9 SUPERANNUATION FACT SHEET 04 A lifetime non concessional cap From Budget night, the Government will introduce a $500,000 lifetime cap on non-concessional (post-tax) contributions. This will better target tax concessions to ensure the superannuation system is sustainable. It will also improve flexibility and strengthen confidence by reducing the extent that superannuation can be used for tax minimisation and estate planning. Non-concessional contributions are generally voluntary contributions into superannuation made out of an individual s post-tax income. Earnings on these contributions are taxed at a flat-rate of 15 per cent in accumulation accounts and then become tax free when transferred into a retirement account. Individuals can currently make non-concessional contributions of $180,000 per year (or $540,000 every three years for individuals under 65). These generous annual caps are currently used for estate planning because they provide wealthy individuals with the opportunity to contribute large sums to the concessionally taxed superannuation environment every year. From 7:30 pm (AEST) on 3 May 2016, the Government will introduce a $500,000 lifetime cap on non-concessional contributions taking into account all non-concessional contributions made since 1 July This is the date from which the Australian Taxation Office has reliable contribution records. The cap will apply to individuals aged up to 75, and will be indexed in $50,000 increments in line with wages. If an individual has exceeded the cap prior to commencement, they will be taken to have used up their lifetime cap but will not be required to take the excess out of the superannuation system. If after commencement, an individual makes contributions that cause them to exceed their cap they will be notified by the Australian Tax Office to withdraw the excess from their superannuation account. Individuals who choose not to withdraw will be subject to the current penalty arrangements. The new lifetime cap will be in addition to the special lifetime CGT exemption cap that is currently available to eligible small business owners preparing for retirement. This change is only expected to affect a small number of individuals as very few Australians make non concessional contributions of more than $500,000. In fact less than one per cent of fund members have made non-concessional contributions over $500,000 since 1 July The lifetime cap will give increased flexibility to those aged 65 to 74 who are currently limited to $180,000 per year. Non-concessional contributions made into defined benefit accounts will be included in an individual s lifetime non-concessional cap. of the broadly commensurate treatment of members of defined benefit schemes are in Superannuation Fact Sheet 5. Budget impact The measure is estimated to have a fiscal gain to revenue of $550 million over the forward estimates. Cameo Anne Anne, aged 61, is planning for her retirement. Five years ago Anne received an inheritance of $200,000 which she put into her superannuation. Anne now intends to sell her home and buy a smaller property. She is hoping to put the proceeds into her superannuation. Anne can contribute up to $300,000 more into her superannuation before she reaches her non-concessional cap. Anne s non-concessional contributions are in addition to the compulsory superannuation payments her employer makes and the additional salary sacrificed contributions she elects to make from her salary.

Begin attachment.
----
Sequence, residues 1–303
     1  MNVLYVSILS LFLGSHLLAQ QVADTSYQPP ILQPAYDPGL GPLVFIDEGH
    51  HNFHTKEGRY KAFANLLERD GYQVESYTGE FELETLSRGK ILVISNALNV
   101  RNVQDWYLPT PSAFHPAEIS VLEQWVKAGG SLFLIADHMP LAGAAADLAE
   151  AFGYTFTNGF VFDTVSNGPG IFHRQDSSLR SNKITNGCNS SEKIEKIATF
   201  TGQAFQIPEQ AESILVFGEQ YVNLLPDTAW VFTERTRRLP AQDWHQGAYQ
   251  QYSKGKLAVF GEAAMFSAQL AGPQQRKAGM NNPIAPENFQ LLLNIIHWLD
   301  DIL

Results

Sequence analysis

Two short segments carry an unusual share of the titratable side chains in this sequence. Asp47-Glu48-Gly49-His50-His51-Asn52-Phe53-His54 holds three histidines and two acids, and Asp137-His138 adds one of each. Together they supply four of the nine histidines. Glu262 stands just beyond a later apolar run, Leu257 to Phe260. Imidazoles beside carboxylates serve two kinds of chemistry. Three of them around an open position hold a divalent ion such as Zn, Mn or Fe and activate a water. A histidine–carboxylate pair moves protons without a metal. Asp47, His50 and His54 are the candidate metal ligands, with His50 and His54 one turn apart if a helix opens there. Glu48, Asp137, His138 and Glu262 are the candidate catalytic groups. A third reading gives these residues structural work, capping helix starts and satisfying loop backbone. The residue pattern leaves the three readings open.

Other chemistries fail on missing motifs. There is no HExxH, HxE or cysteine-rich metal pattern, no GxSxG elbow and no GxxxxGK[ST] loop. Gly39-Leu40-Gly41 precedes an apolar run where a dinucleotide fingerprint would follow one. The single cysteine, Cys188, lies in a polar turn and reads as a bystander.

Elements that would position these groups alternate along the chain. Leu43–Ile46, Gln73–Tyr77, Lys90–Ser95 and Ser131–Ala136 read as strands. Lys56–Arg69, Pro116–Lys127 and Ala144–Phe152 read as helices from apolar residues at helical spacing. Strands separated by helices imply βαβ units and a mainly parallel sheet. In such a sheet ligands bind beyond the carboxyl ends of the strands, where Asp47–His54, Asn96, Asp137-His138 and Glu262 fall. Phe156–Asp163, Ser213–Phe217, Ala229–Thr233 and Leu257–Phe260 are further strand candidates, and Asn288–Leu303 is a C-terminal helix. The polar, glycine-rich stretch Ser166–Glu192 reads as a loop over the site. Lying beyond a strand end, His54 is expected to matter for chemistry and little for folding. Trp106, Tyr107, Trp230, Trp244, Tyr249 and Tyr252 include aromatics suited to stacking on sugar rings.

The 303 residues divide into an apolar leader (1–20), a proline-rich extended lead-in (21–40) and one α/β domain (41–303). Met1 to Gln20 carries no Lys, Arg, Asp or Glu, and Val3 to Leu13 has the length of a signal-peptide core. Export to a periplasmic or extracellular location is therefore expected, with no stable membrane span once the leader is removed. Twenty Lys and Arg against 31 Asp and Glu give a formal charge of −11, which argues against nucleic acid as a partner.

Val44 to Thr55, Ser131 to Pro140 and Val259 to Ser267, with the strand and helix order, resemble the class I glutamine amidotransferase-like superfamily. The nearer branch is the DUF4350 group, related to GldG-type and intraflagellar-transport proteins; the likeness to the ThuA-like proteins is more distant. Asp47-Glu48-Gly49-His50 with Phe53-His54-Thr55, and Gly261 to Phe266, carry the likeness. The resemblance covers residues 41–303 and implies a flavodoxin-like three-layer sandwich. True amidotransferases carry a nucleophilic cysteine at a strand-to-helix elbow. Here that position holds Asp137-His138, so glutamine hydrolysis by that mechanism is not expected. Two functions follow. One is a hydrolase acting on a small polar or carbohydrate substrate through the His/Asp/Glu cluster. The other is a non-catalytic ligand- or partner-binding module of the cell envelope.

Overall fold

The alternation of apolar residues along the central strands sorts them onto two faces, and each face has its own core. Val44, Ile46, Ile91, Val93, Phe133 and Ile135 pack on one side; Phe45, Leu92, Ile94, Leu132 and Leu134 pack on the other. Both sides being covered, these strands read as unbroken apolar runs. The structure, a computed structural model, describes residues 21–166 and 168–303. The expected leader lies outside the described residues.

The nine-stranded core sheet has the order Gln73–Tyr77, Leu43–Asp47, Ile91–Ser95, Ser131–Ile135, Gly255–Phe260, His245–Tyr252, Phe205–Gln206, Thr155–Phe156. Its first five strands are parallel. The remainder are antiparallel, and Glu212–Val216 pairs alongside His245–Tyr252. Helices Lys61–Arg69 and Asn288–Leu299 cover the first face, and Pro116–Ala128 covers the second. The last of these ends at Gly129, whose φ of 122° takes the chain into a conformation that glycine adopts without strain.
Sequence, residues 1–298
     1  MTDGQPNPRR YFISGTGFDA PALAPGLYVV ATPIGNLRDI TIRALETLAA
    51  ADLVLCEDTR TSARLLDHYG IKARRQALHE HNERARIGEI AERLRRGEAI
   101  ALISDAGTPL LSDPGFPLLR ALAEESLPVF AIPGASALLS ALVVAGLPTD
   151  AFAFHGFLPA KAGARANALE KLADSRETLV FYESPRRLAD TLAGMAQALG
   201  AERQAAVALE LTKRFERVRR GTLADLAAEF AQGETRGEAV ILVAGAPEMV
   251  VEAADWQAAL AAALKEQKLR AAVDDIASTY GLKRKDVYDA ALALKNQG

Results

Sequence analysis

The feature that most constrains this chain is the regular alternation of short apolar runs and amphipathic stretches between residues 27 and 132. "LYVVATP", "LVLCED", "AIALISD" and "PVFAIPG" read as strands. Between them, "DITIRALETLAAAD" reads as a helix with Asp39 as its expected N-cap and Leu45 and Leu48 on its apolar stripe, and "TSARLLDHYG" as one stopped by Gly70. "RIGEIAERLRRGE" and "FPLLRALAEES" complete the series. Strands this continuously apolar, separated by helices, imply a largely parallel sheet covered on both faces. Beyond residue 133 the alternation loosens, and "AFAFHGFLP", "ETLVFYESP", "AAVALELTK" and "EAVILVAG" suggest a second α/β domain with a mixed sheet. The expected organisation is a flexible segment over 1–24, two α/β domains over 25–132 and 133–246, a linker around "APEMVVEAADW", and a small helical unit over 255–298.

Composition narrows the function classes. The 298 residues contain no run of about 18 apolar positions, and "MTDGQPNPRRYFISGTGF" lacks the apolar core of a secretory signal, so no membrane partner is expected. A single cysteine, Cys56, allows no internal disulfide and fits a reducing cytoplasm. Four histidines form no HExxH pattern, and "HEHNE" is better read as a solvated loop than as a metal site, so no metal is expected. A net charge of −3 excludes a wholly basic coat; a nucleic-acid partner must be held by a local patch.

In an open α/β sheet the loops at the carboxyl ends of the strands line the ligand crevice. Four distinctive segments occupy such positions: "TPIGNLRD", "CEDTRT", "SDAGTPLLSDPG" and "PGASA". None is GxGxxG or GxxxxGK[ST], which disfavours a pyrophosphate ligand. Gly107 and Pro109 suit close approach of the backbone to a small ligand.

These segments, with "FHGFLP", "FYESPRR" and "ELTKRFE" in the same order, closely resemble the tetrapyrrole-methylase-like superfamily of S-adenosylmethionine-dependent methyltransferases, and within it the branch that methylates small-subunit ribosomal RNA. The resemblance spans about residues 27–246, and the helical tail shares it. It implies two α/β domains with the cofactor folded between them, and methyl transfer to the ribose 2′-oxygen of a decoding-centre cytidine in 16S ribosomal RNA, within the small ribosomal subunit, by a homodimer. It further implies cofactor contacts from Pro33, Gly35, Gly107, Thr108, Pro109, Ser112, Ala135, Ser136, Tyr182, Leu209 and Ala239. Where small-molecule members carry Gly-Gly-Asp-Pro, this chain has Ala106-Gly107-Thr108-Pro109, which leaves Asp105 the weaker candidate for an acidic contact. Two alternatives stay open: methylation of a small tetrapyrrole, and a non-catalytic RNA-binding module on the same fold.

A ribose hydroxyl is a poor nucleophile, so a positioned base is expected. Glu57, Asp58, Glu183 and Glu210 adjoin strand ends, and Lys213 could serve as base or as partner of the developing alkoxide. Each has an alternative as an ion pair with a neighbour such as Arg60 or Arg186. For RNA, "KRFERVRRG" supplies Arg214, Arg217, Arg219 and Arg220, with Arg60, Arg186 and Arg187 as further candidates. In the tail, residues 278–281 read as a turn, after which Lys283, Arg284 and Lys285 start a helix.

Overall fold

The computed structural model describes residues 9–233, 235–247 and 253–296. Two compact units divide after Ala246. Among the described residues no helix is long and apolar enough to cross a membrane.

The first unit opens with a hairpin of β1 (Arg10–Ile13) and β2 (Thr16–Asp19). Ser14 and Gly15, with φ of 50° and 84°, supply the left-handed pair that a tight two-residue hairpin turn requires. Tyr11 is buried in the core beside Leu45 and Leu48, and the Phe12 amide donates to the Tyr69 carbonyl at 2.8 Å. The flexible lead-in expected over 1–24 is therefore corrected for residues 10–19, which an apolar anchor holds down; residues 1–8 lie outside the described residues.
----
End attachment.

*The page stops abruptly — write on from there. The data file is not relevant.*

10 SUPERANNUATION FACT SHEET 05 Changes to defined benefit schemes The Government will make changes so that the superannuation tax reforms apply broadly commensurately to members of defined benefit schemes and constitutionally protected funds Defined benefit schemes, as compared with accumulation schemes, pay benefits based on length of service and final salary. Funded defined benefit schemes are taxed on contributions and earnings but pay tax-free benefits. Unfunded defined benefit schemes pay pensions that are taxed at the individual s marginal tax rate less a 10 per cent tax offset. Many of the superannuation tax reforms are intended to make the system more equitable and sustainable. These goals would be undermined if the tax treatment of defined benefit schemes and constitutionally protected funds were not similarly adjusted. Similar treatment for defined benefit schemes and constitutionally protected funds raises a range of different administrative issues in comparison with accumulation schemes, and most defined benefit schemes have been closed to new members for some time. From 1 July 2017, members of defined benefit schemes and constitutionally protected funds will be subject to the $250,000 threshold for the high income contributions tax (subject to current constitutional exemptions). To broadly replicate the effect of the proposed $1.6 million transfer balance cap, pension payments over $100,000 per annum paid to members of unfunded defined benefit schemes and constitutionally protected funds providing defined pensions, will continue to be taxed at full marginal rates, however the 10 per cent tax offset will be capped at $10,000 from 1 July For members of funded defined benefit schemes, 50 per cent of pension amounts over $100,000 per annum will now be taxed at the individual s marginal tax rate. Less than one per cent of defined benefit fund members in retirement phase will be affected by this change. Cameo Deepika In Deepika, a 62 year-old former public servant, receives a pension of $120,000 from her untaxed state government constitutionally protected fund. As she is aged over 60, Deepika s pension is taxed at marginal tax rates, however she is entitled to a capped offset of $10,000 against her tax liability. Prior to the changes, she would have been entitled to an offset of $12,000. Cameo Paul In Paul, a 65 year-old former academic, receives a pension of $180,000 from his funded defined benefit fund. As he is aged over 60, 50 per cent of the amount by which his pension exceeds $100,000 (that is, $40,000), will be included in his taxable income and taxed at his marginal tax rate.